But the question here is one of University-wide emphasis – or hypocrisy. Across the University, curriculums educate students on climate change, potential solutions and the politics of these solutions. Cambridge tends to focus on the amelioration rather than propagation of climate change. The University also funds the Cambridge Programme for Sustainability Leadership, which sends students to UN Climate Change conferences.
At the same time over £2,400,000 worth of shares are held across the colleges in Royal Dutch Shell and BG Group, two of the largest global fossil fuels companies.
Over the past 50 years Shell have spilt an estimated 1.5 million tons of oil in the Niger Delta, Nigeria. That’s equivalent to around one ‘Exxon Valdez’ spill every year. This sloppy behaviour has led to the filing of a lawsuit against Shell in the Netherlands. Shell claims to clean up every oil spill, thoroughly, that results from its activities. In fact The U.K.’s Advertising Standards Authority (ASA) has found such claims to violate advertising rules. Pembroke, Corpus Christi, Peterhouse, Lucy Cavendish, Murray Edwards, St Edmunds and Trinity are amongst the colleges who invest, indirectly or directly, in Shell.
There are shadier links too. Novatek and Gazprom are two of the world’s largest oil producers, based in Russia. On the board of Novatek sits Gennady Timchenko, Putin’s trusty pal. Coincidentally Novatek happens to be the only other Russian oil company allowed to export oil, aside from the state behemoth Gazprom. Through JP Morgan Russian Securities, in which Peterhouse holds 69,000 shares, the college invests in both Novatek and Gazprom.
Bill McKibbon believes the problem is quite simple: ‘If it’s wrong to wreck the climate, it’s wrong to profit from the wreckage.’ What’s the solution? ‘Sell the stock. This is not the only thing we need to do to fight climate change, but it is one thing.’
Rowan Williams, Master of Magdelene, has also spoken in favour of drastic action to avoid climate change. In September of this year, Dr Williams signed Operation Noah, a Christian initiative, which explicitly called for the Church of England to rid itself of investments in fossil fuel companies. Unfortunately we could not investigate whether Magdalene College’s investments conformed to their Master’s principles as, unlike the majority of colleges, they refused to disclose details of their investments. Their special portfolio constitutes ‘a trade secret’.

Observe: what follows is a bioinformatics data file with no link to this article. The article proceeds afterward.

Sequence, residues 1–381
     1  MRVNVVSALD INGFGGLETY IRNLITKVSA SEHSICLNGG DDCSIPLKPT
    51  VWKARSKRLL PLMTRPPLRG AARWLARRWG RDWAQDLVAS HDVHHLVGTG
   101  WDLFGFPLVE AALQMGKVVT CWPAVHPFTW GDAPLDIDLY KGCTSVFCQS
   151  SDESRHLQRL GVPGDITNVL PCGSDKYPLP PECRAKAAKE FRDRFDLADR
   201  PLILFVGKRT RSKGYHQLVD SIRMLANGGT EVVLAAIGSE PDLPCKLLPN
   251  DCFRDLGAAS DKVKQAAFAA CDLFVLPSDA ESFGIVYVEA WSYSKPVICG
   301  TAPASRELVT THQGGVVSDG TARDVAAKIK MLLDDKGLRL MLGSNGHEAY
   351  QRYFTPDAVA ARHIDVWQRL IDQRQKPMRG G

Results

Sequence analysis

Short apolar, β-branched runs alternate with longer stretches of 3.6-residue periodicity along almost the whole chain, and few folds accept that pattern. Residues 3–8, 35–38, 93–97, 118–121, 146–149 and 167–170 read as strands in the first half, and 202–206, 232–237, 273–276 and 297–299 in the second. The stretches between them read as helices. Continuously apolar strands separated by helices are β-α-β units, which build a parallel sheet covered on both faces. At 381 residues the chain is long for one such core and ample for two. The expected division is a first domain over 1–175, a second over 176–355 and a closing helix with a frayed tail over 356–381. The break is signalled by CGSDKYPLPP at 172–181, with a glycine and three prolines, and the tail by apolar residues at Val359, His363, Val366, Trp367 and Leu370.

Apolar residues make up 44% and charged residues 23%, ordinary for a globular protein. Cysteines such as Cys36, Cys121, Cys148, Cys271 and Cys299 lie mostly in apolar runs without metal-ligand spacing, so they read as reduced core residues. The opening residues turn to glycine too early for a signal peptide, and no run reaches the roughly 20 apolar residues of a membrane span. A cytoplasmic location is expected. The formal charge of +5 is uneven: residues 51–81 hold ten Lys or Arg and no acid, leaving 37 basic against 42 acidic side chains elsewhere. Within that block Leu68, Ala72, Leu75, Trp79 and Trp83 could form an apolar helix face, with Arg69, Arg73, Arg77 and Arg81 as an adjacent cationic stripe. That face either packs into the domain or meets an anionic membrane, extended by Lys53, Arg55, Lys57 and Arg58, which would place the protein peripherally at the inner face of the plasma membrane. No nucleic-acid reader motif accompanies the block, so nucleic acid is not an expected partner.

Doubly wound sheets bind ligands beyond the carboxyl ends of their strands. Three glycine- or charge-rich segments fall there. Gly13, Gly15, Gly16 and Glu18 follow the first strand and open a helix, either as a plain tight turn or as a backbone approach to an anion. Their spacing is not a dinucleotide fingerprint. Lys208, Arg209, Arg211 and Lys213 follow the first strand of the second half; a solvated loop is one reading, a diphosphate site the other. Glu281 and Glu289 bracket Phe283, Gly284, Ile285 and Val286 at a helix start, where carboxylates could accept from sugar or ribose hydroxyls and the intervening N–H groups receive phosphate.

Not all agree. Doug Crawford-Brown, Director of Cambridge Centre for Climate Change Mitigation Research (CCfCS), said ‘I would hope that in the long run (next decade or two) all organisations will begin to invest in renewables…but that doesn’t make it wrong for them to have those investments today… Having said that, I do believe educational institutions should begin to wean themselves off fossil fuel investments.’
What’s certain is that in 2007 the University signed the Cambridge Climate Change Charter. This ‘acknowledges the increasing impact of climate change and makes a commitment to tackle this issue.’ Investments across colleges do not sit well with this commitment. An internal report in 2012 by the Cambridge Zero Carbon Society called for ‘a new, formal and up-to-date statement of the University’s position on the issue.’ The Tab agrees.